High time to kill high tuition, high aid

In the political hubris of the last legislative season, Gov. Arne Carlson banded together with both a former legislator and a former representative and proposed the high tuition-high aid policy for higher education. Thankfully, his plan failed.
Although the issue hasn’t surfaced in the Legislature thus far this year (thanks in small part to Carlson’s proposed $116 million funding increase for the University), the high tuition-high aid idea hasn’t faded into political oblivion either. As recently as September, the Citizens League stepped forward with a report embracing high tuition-high aid policies.
It’s important to remind our elected representatives that this is a proposal better left in my parents’ attic next to the polyester leisure suits, platform soles and BeeGees LPs.
Far from being a bold, forward-thinking funding paradigm for the future, Carlson’s near-sighted tunnel vision threatened to make a University degree a distant dream for most middle-class Minnesotan families like mine.
The goal of Carlson’s ghoulish nightmare was decent enough; he hoped to increase educational opportunities for the poorest families on the economic landscape. The proposed plan worked something like this: By raising tuition at public institutions like the University or St. Cloud State to stratospheric levels, more money would be available for financial aid in the form of grants and loans.
Gee, that sounds great. Unfortunately, backers of high tuition-high aid mortgaged their initiative on the backs of the shrinking middle class.
To shamelessly steal from the in-your-face, get-off-your-butt motivational speaker Susan Powter, I must protest, “Stop the insanity!”
First, some details. At Carlson’s urging last year, former state legislator John Brandl and former U.S. Rep. Vin Weber proposed sweeping changes to deal with anticipated budget deficits at the state level in the coming years. This dynamic duo urged Carlson to slash spending by $1.2 billion by 2001, and education was slated to take a $500 million hit. Implementation was delayed only because an unusually strong economy is expected to generate a surplus in excess of $1 billion in the next biennium.
Higher education’s slice of the budget pie declined from an all-time high of 16 percent in 1987 to its present 12 percent. Strangely enough, visionaries like Brandl and Weber called for another round of slash-and-burn policies.
Worse still, Brandl and Weber wanted to radically overhaul appropriations to the University. Currently, the University of Minnesota receives about $1 billion every biennium, 90 percent of which is allocated directly and the remaining 10 percent of which is set aside for students in the form of grants and loans. Under the proposal, the University’s share would plummet to 30 percent, while financial aid would skyrocket.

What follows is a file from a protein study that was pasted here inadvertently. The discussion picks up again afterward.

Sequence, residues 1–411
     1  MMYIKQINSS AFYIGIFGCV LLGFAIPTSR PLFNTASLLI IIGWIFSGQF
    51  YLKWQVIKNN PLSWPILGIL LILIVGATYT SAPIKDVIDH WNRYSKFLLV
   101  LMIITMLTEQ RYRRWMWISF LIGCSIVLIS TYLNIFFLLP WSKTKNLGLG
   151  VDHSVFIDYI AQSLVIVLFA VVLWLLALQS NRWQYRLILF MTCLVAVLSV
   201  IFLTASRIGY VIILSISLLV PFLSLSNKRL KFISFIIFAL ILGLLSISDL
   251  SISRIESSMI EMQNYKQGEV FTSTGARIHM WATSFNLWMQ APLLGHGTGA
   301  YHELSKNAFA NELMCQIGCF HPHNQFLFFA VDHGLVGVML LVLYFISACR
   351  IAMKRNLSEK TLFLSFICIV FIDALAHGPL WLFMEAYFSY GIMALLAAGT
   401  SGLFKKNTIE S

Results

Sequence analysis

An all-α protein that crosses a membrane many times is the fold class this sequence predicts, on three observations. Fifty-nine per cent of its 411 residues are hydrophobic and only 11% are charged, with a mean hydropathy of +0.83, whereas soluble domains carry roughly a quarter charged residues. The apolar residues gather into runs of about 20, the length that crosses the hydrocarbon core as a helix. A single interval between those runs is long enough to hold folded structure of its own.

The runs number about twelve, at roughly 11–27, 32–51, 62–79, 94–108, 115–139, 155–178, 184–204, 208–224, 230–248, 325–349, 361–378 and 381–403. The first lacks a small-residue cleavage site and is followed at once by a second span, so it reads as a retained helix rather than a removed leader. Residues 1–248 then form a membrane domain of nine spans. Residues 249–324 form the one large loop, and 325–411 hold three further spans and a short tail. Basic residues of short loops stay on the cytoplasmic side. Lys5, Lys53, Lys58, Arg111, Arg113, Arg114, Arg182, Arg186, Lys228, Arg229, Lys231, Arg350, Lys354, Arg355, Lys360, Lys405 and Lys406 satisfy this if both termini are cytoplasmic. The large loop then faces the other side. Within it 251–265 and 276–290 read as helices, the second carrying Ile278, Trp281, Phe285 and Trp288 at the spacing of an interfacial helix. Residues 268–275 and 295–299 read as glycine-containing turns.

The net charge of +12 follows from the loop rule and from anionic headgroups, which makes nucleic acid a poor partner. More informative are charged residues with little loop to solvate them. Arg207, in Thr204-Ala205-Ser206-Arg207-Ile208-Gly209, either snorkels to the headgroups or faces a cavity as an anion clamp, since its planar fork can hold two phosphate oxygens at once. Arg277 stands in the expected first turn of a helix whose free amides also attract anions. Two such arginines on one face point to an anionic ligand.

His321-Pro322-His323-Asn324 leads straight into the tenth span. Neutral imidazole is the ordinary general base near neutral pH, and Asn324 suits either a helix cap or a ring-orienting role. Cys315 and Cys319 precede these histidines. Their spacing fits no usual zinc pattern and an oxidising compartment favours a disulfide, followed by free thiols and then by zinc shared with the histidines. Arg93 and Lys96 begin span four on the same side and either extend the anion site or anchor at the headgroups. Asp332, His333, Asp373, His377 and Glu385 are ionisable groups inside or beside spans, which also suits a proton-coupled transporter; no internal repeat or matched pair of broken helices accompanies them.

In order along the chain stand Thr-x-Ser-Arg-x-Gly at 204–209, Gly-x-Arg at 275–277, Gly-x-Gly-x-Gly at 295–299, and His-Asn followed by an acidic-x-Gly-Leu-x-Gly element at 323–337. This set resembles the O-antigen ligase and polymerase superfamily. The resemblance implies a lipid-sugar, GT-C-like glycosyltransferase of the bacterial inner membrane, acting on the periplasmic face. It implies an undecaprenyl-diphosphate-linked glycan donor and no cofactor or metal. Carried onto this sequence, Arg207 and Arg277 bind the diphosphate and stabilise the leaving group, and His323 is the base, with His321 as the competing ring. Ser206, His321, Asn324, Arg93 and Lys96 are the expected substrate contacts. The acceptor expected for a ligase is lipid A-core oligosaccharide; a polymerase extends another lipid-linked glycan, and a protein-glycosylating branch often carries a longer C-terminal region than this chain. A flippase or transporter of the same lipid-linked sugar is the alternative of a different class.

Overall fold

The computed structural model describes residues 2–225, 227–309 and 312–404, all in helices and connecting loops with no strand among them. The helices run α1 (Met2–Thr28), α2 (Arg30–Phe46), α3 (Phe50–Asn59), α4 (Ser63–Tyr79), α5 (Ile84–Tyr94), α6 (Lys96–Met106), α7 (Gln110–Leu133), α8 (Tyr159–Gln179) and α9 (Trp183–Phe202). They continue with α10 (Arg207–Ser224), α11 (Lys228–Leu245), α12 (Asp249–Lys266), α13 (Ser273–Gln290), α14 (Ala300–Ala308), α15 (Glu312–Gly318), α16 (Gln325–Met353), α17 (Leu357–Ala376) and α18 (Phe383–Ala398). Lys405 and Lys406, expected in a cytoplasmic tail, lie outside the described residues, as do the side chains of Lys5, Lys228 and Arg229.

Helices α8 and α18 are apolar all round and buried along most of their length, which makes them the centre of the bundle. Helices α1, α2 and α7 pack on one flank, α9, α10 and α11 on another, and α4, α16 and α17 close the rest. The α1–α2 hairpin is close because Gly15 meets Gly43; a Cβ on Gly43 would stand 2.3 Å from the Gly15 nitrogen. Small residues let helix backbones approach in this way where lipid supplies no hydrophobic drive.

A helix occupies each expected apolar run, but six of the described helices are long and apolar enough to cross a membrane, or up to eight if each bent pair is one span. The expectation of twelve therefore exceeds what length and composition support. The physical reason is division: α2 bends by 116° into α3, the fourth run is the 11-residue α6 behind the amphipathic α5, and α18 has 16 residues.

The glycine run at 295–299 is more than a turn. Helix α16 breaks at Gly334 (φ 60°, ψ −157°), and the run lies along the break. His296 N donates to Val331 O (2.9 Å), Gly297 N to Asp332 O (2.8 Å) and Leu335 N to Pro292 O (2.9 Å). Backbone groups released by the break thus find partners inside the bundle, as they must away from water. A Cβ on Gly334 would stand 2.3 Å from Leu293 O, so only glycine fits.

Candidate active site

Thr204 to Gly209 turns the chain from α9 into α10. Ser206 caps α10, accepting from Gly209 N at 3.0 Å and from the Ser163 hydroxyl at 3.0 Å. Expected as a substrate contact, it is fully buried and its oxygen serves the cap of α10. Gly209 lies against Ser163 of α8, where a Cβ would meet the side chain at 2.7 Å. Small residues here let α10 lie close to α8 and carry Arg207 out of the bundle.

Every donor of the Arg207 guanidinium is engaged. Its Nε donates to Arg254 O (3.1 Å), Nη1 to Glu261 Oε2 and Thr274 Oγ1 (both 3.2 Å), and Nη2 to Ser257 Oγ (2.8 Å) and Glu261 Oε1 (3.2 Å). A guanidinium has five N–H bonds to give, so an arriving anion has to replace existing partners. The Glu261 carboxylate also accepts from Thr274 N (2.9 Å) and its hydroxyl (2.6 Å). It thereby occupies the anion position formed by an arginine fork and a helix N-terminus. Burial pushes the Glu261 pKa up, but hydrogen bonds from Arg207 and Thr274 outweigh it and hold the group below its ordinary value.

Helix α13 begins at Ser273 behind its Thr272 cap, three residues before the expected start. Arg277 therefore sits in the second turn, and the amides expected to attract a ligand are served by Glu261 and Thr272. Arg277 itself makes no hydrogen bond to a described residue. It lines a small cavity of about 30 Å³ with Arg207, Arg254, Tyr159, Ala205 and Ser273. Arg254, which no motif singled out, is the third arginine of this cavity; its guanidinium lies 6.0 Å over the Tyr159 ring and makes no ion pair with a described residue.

News like that is bad news indeed. If a similarly draconian measure passes this year, tuition will rise sharply in future years to cover the huge reduction in direct state appropriations.
This nefarious shell game must be thought of as the fraudulent funding scheme it is. The best method of insuring financial accessibility at public institutions like the University is to keep tuition low. Before sending the current system to the salvage yard, Carlson et al. should initiate small refinements like tightening eligibility standards for financial aid.
Unfortunately, modern-day Robin Hoods lurking at the state capitol advocate a radical new system where we steal from the poor to help the poorer (a replay, if memory serves, of Reagan’s Greatest Hits). Since 1990, the total of tuition loans has topped $100 billion, and there is no end in sight. Intellectually haphazard brainstorms like high tuition-high aid will only exacerbate depressing statistics like these.
Many students chose the University because of its affordability (like me, for instance), but sadly enough, the muckrakers and social engineers in St. Paul ignore this. Simply put, the University will price itself out of the educational market under the high tuition-high aid plan. Although Harvard may be able to offer 70 percent of its students some form of financial aid, the annual price tag exceeds $27,000. This is not a model the University should follow.
The former chancellor of Minnesota State Universities, Terrence MacTaggart, in 1994 argued against a similar high tuition-high aid proposal that was circulating in the education community. And rightly so. At Metropolitan State University, for example, increased financial aid packages would have been awarded to roughly 1,000 students at the cost of increasing tuition for 7,000 others. That hardly seemed like an equitable solution then, and it certainly isn’t any more fair now.
Increases in tuition and fees at the University since the early 1980s totaled a whopping 264 percent as of last year (that’s excluding the 7.5 percent the Board of Regents tacked on in June). By comparison, the Consumer Price Index rose only 71 percent during that time. Another pocketbook hijacking is not in students’ best interest, though politicians like Carlson just don’t get it.
A high tuition-high aid policy will not serve the best interests of Minnesotan families and students, and Carlson would do well to again set aside the ramblings of blue-ribbon commissions and advisors.
In the 1994 gubernatorial campaign, John Marty, the losing DFL-endorsed candidate, ran a series of political attack ads that ended with the familiar refrain, “That darn Arne!” It’s a shame more of us weren’t listening because he’s still our darn governor, and he very well may make the University darn more expensive.

Greg Lauer’s column appears every Wednesday in the Daily.